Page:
The Covid-19 pandemic has asked a lot of questions of the Riverina’s premier sports competition in recent times, including the viability of paying exorbitant amounts of money to attract marquee signings.
In recent years, a team’s success has very much been built around key marquee signings, generally mixed in with a good base of juniors, similar to that of Tumut, Southcity and Gundagai in recent seasons.
With clubs and pubs currently closed and financially impacted by Covid-19, questions have arisen over the future sponsorship of every Group 9 club.
Group 9 chairman Peter McDermott believes the current situation could allow for one or two teams to really thrive, while it could spell trouble for the remaining teams.
“It’s a hard situation to find the answer for, in fact it’s nearly impossible, I don’t know how much money these clubs have,” McDermott said.
“I assume some clubs will have more money put away than others, but I also assume some clubs will be impacted much worse than others because they are reliant on pubs and clubs to be their major sponsors.
“There could be a real difference in what teams can spend.”
According to McDermott, one way to fix the issue of one or two teams potentially dominating the market and signing more marquee players than other clubs is to employ a points system, one that would grade players based on their previous representative experience.
A club would then be given a certain amount of points to spend, and would be rewarded for signing locals and players who have been in the competition for a long time, while they would be penalised for big money signings of ex-NRL or overseas players.
In fact, Group 9 was on the precipice of a introducing a points system prior to the NSWRL takeover of Country Rugby League in 2019.
“We were pushing the points system big time and we had nearly had it with the CRL and we were ready to introduce the idea to the clubs,” McDermott said.
“It was proposed that there would be so many points per team, each player would be allocated points and a team would need to sign players that fitted into their points allocation.”
Despite the points system not coming to fruition after the NSWRL takeover, McDermott hinted a similar system is still on the cards for Group 9.
“NSWRL is basically going to come up with a model that will be used right across the state,” McDermott said.
“That’s what they are telling us, they wanted to see the ways other competitions had incorporated points systems and they said it would take about 18 months, but to be honest, I would like to see it implemented sooner, especially with everything going on.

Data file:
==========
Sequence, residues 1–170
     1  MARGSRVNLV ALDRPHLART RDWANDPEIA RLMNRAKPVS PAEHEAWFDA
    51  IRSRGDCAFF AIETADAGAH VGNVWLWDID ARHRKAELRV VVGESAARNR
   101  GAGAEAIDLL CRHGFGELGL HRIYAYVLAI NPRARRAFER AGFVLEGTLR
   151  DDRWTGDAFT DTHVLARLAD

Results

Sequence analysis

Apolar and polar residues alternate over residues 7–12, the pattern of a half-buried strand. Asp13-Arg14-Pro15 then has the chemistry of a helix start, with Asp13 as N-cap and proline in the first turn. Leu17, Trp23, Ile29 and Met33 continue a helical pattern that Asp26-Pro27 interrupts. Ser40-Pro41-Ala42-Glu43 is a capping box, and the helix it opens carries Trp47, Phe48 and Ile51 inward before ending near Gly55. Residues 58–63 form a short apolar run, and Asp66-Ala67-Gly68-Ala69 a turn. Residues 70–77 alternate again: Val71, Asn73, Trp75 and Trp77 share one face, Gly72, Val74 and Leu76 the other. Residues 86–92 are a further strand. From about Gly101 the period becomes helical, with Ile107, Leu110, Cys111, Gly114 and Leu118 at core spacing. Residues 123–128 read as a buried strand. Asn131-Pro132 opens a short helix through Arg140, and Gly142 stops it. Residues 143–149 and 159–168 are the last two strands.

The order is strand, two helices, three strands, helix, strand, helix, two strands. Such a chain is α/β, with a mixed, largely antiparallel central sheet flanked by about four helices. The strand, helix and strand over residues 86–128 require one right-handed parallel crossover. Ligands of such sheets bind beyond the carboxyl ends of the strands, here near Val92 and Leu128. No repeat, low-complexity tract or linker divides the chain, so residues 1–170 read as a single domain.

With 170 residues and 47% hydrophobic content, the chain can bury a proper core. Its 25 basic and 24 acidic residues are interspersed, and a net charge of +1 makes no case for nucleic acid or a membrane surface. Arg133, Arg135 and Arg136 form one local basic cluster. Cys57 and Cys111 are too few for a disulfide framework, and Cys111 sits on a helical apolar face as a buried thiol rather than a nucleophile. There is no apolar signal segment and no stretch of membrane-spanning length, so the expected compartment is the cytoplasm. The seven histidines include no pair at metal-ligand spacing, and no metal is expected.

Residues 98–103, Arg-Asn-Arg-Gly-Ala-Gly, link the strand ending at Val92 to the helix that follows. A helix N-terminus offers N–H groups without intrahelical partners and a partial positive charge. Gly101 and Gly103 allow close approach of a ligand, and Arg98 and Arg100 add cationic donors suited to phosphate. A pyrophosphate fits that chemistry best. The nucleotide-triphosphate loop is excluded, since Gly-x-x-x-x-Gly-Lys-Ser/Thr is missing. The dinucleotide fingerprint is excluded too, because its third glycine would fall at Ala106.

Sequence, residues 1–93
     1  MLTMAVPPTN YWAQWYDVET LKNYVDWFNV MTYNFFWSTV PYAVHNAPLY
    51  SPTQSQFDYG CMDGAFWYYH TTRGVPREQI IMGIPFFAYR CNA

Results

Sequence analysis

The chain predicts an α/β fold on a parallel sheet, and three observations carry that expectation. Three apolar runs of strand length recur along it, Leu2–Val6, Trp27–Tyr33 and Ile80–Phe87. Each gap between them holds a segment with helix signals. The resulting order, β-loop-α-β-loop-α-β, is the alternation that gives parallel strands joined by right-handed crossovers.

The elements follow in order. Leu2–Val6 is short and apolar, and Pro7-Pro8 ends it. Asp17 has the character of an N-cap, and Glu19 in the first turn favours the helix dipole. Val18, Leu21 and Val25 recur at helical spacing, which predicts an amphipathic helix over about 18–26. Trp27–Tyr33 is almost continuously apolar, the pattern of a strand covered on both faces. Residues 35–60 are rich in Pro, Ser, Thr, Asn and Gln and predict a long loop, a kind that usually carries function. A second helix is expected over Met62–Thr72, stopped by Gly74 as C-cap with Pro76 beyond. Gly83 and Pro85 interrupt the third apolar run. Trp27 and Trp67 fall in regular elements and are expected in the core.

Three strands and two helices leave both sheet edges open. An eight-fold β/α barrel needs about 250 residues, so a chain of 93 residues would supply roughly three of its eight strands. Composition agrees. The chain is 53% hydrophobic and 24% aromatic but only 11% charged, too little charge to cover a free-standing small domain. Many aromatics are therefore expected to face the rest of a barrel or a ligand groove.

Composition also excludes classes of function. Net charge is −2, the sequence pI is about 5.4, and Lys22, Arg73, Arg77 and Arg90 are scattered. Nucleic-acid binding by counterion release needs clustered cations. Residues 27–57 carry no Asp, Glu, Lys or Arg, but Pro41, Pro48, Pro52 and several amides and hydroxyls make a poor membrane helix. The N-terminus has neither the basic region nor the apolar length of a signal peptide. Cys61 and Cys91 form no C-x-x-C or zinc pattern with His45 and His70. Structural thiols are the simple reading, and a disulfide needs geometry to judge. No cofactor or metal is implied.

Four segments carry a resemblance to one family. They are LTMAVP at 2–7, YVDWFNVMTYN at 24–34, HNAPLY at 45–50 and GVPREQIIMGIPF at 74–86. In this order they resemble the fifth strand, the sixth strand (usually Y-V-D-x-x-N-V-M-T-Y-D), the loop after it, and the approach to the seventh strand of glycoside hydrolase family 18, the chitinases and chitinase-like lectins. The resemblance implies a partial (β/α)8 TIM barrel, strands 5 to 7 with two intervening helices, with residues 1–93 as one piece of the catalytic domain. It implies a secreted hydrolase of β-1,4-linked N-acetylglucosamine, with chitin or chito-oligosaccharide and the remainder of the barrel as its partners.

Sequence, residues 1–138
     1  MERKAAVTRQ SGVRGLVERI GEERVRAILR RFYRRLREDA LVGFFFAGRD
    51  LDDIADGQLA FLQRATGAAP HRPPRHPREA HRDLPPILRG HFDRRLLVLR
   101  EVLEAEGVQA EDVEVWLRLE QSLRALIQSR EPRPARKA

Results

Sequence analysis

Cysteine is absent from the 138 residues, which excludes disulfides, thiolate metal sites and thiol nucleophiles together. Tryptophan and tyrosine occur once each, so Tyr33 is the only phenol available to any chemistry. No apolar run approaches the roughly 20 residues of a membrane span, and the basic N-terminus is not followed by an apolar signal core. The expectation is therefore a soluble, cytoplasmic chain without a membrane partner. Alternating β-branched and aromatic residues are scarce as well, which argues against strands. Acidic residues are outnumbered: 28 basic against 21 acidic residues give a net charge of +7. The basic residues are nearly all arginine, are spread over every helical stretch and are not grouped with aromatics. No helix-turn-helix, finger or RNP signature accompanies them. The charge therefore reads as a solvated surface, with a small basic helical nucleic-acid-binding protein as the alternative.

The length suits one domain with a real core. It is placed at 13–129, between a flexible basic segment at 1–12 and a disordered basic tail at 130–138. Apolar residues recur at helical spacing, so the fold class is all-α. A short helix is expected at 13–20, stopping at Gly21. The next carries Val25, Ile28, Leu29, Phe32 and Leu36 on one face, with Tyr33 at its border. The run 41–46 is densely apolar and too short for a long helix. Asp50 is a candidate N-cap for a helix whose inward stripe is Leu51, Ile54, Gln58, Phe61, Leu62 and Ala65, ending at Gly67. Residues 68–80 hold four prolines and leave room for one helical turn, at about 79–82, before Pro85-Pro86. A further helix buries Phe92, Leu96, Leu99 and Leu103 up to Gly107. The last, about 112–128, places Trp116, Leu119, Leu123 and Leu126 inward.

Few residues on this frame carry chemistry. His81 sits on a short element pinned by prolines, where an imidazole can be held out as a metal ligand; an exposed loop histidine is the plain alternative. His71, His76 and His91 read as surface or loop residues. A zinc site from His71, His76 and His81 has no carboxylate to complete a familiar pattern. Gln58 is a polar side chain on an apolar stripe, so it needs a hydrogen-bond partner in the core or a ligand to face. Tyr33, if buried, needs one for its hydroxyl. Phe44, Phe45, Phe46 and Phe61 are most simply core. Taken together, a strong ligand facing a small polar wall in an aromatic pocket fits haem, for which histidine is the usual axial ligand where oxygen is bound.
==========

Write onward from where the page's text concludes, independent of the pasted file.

Group 9 director Andrew Hinchcliffe was also of the belief that the current pandemic could act as a catalyst for change and is hoping it sets a realistic expectation of what players should be paid going forward.
“I understand that clubs are financially driven at the moment but with the impending uncertainly about gate takings and crowds, there might be an opportunity for clubs to be more community aligned,” Hinchcliffe said.
“We could reset the expectation around player payments so to speak.”
Hinchcliffe wanted to remind clubs that now is the perfect time to revaluate their squads and contracts and touch base with playing groups.
This would give Group 9 teams a chance to determine what teams they could actually field when a competition gets off the ground and how much they are willing to spend.
“We are hoping clubs are talking to players and working out what teams they can put forward and considering how player payments will be impacted this year and the years following on,” Hinchcliffe said.
Blues skipper Dean Bristow agreed that the idea of a points or salary cap system had merit but didn’t think it would be successful in Group 9.
The premiership-winning captain indicated that Group 9 wasn’t on the agenda of marquee players and that big cash payments was the main thing attracting the top talent.
“In marquee competitions like Newcastle, it is a hell of a lot easier to attract players,” Bristow said.
“Those competitions have players knocking on the door to play, but it isn’t like that out here.
“When I started coaching, it was really hard to get marquee players and the only thing that can get those players here sometimes can be the big cash.”
Bristow said that if a points system were in place in 2017, the Tumut Blues would have struggled to field a first grade side.
“Back in 2017 at the start of the year, we had six local players that had the potential to play first grade,” Bristow said.
“If you had put a points cap on like that back then, we wouldn’t have had a team and we might not be playing this year.”
The Blues custodian was also worried how a move to implement a points system could impact smaller clubs that struggle to regularly field a competitive reserve grade side.
“I don’t think it is really feasible down here. You don’t want to go out and spend the cash but sometimes you have to spend the cash to fill a team,” Bristow said.
“Some clubs go through periods and struggle to field two teams, it is all good to try and level the playing field but they need to consider the demographics.
“We are in rural towns and we don’t have the big numbers playing rugby league anymore.”